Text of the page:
In the Heat of the Night (1967) Review

In the Heat of the Night (1967) Review

In the Heat of the Night (1967)
Director: Norman Jewison
Screenwriters: Stirling Silliphant
Starring: Sidney Poitier, Rod Steiger, Warren Oates, Quentin Dean

The mosquitos buzz in the humid night of Sparta, Mississippi as detective Sam Woods (Warren Oates) discovers the murdered industrialist, Philip Colbert. Virgil Tibbs (Sidney Poitier) is waiting at the train station after visiting his mother; he has money in his wallet and he’s a stranger passing through the town. Usually, more evidence is needed when accusing someone of murder, but this is 1960s America and Virgil Tibbs is a black man. Officer Woods doesn’t need any other reason to arrest him.

In the Heat of the Night was released in the late sixties when racial bigotry and prejudice was often the norm across the United States; segregation laws were only just coming out of force and the Civil Rights Movement was flourishing. While the film is predominantly a crime noir and odd couple cop drama, it is also highly political as the Northern Virgil navigates the Deep South.

Back at the police station, Police Chief Gillespie (Rod Steiger) is introduced. At first, he is thrilled to have a baffling murder tied up so swiftly. But it isn’t long before Woods and Gillespie have their mistake pointed out to them. It turns out Virgil Tibbs is a celebrated police detective from Philadelphia. When his own Chief suggests this small town might benefit from a big city slicker, Virgil is as reluctant as Gillespie. But, of course, the two strike up an unlikely friendship.

In Sparta, where African Americans are seen picking cotton on a plantation, the idea of a black man holding a job of repute and expecting respect is extremely unexpected. And very hard for the people to fathom. Virgil’s involvement in the police investigation causes much tension in the town and offers us a close-up portrayal of the discrimination black Americans experienced.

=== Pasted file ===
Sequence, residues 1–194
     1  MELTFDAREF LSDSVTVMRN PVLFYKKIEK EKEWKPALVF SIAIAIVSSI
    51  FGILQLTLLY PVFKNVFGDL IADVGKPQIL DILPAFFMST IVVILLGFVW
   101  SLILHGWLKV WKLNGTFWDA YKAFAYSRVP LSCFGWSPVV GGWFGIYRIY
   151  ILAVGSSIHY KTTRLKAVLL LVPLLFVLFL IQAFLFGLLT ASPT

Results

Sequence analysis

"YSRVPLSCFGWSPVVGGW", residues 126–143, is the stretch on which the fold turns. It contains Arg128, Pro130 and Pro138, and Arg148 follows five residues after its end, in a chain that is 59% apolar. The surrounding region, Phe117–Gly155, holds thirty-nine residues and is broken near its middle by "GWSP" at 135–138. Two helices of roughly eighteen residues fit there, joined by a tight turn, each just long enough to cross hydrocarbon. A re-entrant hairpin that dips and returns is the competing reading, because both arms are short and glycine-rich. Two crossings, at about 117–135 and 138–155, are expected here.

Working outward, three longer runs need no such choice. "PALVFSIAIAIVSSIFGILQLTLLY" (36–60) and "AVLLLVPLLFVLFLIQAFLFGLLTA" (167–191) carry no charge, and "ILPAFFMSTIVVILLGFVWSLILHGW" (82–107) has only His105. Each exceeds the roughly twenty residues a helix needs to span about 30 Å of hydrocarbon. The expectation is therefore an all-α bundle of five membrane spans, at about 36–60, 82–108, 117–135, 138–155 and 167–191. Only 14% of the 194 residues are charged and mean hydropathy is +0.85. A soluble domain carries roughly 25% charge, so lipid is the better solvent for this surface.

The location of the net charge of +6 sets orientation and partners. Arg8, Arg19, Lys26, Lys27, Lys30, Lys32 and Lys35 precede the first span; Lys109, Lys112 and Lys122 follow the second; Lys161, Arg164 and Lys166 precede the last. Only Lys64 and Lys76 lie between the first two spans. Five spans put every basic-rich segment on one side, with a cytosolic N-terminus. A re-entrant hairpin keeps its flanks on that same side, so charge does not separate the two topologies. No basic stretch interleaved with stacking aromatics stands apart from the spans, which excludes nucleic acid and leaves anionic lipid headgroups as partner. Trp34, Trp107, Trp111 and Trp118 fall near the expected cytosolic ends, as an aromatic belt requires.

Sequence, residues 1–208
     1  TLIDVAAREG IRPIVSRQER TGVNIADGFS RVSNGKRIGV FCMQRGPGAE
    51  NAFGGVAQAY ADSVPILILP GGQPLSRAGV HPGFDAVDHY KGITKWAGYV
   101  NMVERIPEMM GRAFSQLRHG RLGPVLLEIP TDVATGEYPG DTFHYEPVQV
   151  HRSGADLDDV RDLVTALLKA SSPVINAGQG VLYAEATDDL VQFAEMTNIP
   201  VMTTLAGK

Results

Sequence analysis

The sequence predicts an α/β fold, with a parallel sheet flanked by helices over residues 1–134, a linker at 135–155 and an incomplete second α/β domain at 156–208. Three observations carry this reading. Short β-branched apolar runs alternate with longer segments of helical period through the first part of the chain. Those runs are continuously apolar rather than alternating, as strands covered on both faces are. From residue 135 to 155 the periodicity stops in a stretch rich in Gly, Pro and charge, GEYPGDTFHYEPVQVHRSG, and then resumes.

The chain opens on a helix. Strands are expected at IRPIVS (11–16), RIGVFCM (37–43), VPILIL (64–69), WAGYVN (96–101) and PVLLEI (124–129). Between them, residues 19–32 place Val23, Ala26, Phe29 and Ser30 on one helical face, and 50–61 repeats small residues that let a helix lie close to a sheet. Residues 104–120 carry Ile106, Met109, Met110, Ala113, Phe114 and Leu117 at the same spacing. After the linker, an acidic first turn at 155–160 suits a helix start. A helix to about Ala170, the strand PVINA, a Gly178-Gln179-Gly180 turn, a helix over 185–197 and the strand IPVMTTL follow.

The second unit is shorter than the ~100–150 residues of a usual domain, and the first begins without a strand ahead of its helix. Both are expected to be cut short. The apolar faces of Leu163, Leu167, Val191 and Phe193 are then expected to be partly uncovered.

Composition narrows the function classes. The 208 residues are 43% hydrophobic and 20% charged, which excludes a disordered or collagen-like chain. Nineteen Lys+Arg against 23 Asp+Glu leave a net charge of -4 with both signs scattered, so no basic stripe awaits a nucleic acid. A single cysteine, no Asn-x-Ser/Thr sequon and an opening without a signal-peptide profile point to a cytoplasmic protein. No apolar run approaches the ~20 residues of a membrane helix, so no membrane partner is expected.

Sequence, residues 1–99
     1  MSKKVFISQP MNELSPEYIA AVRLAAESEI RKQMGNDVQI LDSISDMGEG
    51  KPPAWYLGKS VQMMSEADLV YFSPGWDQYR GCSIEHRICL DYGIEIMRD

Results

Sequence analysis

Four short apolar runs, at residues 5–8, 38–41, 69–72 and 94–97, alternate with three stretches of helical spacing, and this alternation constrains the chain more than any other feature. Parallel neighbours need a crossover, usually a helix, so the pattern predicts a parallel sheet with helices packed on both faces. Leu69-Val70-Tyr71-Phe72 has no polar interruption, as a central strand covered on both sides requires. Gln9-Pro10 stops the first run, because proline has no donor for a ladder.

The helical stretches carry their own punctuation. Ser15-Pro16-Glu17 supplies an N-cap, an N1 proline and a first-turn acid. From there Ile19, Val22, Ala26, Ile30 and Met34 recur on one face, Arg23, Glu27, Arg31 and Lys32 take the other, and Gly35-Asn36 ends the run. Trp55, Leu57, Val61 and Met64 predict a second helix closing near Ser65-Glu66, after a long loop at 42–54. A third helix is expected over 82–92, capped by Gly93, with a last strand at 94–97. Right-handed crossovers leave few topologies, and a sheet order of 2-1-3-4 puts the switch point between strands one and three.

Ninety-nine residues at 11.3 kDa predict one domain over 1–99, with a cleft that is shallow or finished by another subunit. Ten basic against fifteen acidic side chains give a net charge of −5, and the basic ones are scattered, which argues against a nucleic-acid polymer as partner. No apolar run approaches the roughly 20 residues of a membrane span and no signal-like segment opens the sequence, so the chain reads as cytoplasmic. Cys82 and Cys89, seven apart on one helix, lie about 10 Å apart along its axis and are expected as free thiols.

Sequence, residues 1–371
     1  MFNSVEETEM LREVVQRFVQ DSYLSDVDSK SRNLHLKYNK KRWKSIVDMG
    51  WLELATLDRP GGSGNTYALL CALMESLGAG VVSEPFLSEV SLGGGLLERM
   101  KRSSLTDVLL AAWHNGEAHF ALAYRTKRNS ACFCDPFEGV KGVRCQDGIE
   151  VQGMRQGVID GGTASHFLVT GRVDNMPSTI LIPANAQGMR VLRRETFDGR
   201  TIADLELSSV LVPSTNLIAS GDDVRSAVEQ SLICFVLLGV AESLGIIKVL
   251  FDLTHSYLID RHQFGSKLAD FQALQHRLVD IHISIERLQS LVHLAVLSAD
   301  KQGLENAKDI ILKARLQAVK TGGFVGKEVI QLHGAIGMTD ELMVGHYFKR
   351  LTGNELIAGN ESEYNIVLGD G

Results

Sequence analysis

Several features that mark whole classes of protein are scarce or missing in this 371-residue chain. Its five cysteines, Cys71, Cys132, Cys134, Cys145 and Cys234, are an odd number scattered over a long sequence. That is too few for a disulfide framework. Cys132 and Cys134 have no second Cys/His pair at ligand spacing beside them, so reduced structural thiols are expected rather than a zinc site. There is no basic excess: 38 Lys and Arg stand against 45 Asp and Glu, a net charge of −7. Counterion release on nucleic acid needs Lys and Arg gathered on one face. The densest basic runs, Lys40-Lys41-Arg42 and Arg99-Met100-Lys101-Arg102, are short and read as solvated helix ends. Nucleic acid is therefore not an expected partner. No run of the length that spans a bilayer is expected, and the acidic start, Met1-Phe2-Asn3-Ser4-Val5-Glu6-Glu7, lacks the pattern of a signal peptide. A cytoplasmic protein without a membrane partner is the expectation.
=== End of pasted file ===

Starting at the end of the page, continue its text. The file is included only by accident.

When compared to more radical, visceral looks at racial discrimination in America – Mississippi Burning (1988), Do the Right Thing (1989), Get Out (2017), among many others – In the Heat of the Night does seem quite tame, and is therefore more comparable to To Kill a Mockingbird (1962) and Poitier’s other film that year Guess Who’s Coming to Dinner (1967). But an important thing to remember is that In the Heat of the Night was written and shot during the time it was portraying, in a much less progressive Hollywood. As sanitised as this look at inequality is, In the Heat of the Night was massively important for cinema. It paved the way for those more realistic, impactful, and provoking films to follow in the subsequent decades.

Norman Jewison’s direction sees In the Heat of the Night hit all the visual high notes of a successful crime movie. Long takes and slow-moving camera movements build tension, with many scenes filmed in the shadowy night. It’s a useful backdrop to a story with all the twists and wrong turns you might expect. The culprit is as unlikeable as any movie villain and there is a young damsel in the mix. In addition, the flawed protagonist often found in crime noirs is embodied by Rod Steiger, whose no-nonsense gum-chewing Police Chief is certainly imperfect, and is in no way a beacon of progression, but is a product of his time. His willingness to question stereotypes, and his growth throughout the film, make him ultimately likeable.

Poitier’s Virgil is positively saintly in comparison. His ability to remain graceful in the face of what he is experiencing is a superpower. His strong conviction in himself and his rights are such a juxtaposition to the beliefs he is forced to confront in others. When the rich white Eric Endicott (Larry Gates) slaps Virgil for some perceived impertinence, Virgil slaps him right back – it is a brief moment where Virgil drops his guarded exterior, and it is exhilarating. Oddly this act of violence softens Virgil, and it is arguably more memorable than who the murderer turns out to be.

In the Heat of the Night still holds its own as a detective thriller, and as a film questioning the politics of the time it was portraying. Upon its release it was critically acclaimed, racking up nominations and wins across many of the prestigious awards, including Best Picture at the Oscars. A gripping story, incredible acting and solid direction, combined with its determination to shine a spotlight on inequality, has ensured that In the Heat of the Night has gone down in history as one of the greatest films ever made.

Score: 23/24

Rating: 5 out of 5.

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